The individual award presentation returned in 2021 following a hiatus in 2019 due to lack of nominations and no convention in 2020. Likewise, there has been no recognition for Outstanding Township since 2017.
“We ask the townships to submit people for their township or an individual,” Allison said, pointing out that, again, no nominations were received for Outstanding Township this year. He explained that the award is presented to a township which has demonstrated its governmental purpose to “protect and improve the quality of life and safety of its residents.” The award can be shared between municipalities if they have collaborated on projects or services to benefit their residents. “Townships should showcase any projects that they are doing and submit them for consideration.”
In a sidenote, Allison also mentioned that even though it was the association’s 101st year in existence, 2021 marked the 100th annual convention.
According to the organization’s website, CCATO was formed in 1920 to fill the need for a centralized organization to support Clarion County’s 22 townships and to amplify each municipality’s individual voice at the county and state levels.
“Our association was formed for the purpose of discussing ideas that will help improve township governments,” the website states. “We look for and put into practice constructive methods concerning the assessment of property, the collection of taxes, the construction, improvement and maintenance of roads and the promotion of mutual cooperation among the member townships.”
“I think the 100th convention means a lot for local government,” Allison said, explaining that each year the convention brings together between 150 and 200 township supervisors, secretaries, auditors and tax collectors for a day of vendor exhibits and speaker sessions that provide educational tools and up-to-date information to help communities thrive, as well as valuable networking opportunities. “We try to give them a lot of valuable information.”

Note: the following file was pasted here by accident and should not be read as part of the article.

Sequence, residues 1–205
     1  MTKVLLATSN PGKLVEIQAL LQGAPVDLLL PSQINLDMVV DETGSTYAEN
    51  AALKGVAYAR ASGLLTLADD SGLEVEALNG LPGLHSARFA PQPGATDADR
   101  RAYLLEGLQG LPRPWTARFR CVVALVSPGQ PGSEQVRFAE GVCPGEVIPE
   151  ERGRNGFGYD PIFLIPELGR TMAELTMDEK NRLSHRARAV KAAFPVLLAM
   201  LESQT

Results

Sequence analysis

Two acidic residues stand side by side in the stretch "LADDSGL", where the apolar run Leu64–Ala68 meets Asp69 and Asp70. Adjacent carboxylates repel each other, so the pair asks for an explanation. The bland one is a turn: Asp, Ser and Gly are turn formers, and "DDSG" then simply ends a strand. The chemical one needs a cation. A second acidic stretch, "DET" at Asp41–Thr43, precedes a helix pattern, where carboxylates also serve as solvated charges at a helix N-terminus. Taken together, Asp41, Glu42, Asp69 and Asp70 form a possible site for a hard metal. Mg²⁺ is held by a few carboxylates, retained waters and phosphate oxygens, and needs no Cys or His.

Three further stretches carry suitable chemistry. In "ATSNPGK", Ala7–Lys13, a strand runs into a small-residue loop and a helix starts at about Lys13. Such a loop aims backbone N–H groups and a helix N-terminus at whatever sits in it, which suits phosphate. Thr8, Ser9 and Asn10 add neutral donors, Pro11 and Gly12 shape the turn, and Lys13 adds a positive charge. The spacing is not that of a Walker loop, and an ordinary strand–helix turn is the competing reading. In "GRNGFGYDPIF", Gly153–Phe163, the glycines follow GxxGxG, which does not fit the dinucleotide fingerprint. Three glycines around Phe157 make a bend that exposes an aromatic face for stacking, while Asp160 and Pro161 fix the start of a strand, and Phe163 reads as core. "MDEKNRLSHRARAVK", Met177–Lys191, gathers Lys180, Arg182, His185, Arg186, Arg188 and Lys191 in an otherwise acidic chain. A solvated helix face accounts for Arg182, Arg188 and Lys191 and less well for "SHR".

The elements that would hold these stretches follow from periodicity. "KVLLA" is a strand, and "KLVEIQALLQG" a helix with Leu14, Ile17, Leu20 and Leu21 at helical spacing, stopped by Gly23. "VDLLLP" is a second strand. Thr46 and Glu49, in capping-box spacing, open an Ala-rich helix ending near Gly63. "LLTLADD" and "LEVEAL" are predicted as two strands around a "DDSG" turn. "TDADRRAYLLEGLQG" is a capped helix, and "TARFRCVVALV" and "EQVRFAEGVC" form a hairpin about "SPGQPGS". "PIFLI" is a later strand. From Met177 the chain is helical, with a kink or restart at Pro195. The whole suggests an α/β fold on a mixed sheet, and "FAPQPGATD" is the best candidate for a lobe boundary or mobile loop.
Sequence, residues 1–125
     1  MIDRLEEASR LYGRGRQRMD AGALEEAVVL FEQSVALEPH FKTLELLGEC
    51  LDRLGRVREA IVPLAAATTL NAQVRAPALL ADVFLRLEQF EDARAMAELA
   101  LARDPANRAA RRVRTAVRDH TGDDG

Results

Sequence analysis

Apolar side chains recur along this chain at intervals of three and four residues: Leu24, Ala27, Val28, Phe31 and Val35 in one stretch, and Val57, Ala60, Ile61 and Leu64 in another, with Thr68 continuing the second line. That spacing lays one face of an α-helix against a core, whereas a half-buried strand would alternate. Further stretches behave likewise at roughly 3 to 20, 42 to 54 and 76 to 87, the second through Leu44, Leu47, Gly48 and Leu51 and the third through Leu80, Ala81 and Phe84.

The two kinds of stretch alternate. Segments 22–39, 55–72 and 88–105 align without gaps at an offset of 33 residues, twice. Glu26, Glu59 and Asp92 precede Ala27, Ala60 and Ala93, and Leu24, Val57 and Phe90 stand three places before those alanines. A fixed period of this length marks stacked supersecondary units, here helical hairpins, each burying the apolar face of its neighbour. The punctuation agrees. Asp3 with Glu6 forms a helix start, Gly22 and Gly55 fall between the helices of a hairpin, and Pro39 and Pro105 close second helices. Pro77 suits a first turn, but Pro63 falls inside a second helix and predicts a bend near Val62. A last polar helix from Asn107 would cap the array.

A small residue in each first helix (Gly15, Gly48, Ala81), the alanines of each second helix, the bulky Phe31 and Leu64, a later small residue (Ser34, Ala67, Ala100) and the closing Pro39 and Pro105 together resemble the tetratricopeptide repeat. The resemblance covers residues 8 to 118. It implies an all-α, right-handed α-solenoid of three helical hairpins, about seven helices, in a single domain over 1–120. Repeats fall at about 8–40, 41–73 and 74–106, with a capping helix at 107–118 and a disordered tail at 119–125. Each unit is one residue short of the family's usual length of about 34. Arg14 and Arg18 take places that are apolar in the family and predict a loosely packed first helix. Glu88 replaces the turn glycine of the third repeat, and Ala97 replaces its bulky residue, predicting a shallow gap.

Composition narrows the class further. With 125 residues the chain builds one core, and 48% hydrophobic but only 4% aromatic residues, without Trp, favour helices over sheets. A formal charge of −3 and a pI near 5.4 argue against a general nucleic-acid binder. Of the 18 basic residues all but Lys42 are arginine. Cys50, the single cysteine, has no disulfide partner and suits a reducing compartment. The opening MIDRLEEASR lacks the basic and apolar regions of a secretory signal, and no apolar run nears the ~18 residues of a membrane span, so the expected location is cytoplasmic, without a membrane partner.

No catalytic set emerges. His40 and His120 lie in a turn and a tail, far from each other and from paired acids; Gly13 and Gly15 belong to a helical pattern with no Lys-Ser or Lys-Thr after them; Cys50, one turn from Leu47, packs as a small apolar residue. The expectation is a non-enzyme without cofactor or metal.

He credited the association’s longtime success to the dedication and hard work of its leaders, including its newest executive board elected at the Sept. 30 event — Bob Lewis of Monroe Township, president; Harry Smathers of Limestone Township, first vice president; Steve Ketner of Monroe Township, second vice president; Allison, secretary/treasurer; and Karen Lue Wilson of Clarion Township, assistant secretary/treasurer.
“A lot of people have done a lot of work over the years to keep it going,” Allison said of CCATO. “We’re here to serve those who serve the people.”
For more information on CCATO, visit www.clarioncountyato.org.
RIMERSBURG – As many other schools in the area have had to do this school year, Union High School sent students home on Friday and went to remote learning this week due to COVID-19 issues.
Union superintendent Dr. John Kimmel said yesterday (Tuesday) that school officials were informed on Friday of a positive case of COVID-19 which affected several staff members at the high school.
“Since we had to quarantine those staff members early in the morning, we were not able to facilitate some of our essential operations and therefore had to send students home early,” Kimmel said.
At the time of the announcement Friday morning, the high school told parents that students would be remote Monday through Wednesday this week, with the district evaluating the situation to see if students could return this Thursday, Oct. 7.
“In projecting forward to a date of possible return due to testing timelines, if no one else tests positive, they could return on Thursday and we could be operational; however, if we have additional positive cases, we may need to continue on remote learning at UHS until Monday, Oct. 11,” Kimmel said. “Given that we have a short week and no school on Friday, it is likely that we will decide to continue remote education through Thursday and reset for in-person education at UHS on Monday.”